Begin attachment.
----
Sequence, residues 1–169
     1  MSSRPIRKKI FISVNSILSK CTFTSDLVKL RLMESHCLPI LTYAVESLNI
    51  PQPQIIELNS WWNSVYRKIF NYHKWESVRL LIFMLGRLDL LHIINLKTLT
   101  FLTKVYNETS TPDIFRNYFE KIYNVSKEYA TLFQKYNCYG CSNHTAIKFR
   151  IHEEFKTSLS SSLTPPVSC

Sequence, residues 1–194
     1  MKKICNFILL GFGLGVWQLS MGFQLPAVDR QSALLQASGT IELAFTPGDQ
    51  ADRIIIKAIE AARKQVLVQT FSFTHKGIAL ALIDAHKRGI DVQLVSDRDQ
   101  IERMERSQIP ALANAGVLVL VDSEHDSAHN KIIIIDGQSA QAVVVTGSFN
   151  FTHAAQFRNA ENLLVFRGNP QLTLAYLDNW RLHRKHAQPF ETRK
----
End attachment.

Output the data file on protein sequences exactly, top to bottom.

Sequence, residues 1–169
     1  MSSRPIRKKI FISVNSILSK CTFTSDLVKL RLMESHCLPI LTYAVESLNI
    51  PQPQIIELNS WWNSVYRKIF NYHKWESVRL LIFMLGRLDL LHIINLKTLT
   101  FLTKVYNETS TPDIFRNYFE KIYNVSKEYA TLFQKYNCYG CSNHTAIKFR
   151  IHEEFKTSLS SSLTPPVSC

Sequence, residues 1–194
     1  MKKICNFILL GFGLGVWQLS MGFQLPAVDR QSALLQASGT IELAFTPGDQ
    51  ADRIIIKAIE AARKQVLVQT FSFTHKGIAL ALIDAHKRGI DVQLVSDRDQ
   101  IERMERSQIP ALANAGVLVL VDSEHDSAHN KIIIIDGQSA QAVVVTGSFN
   151  FTHAAQFRNA ENLLVFRGNP QLTLAYLDNW RLHRKHAQPF ETRK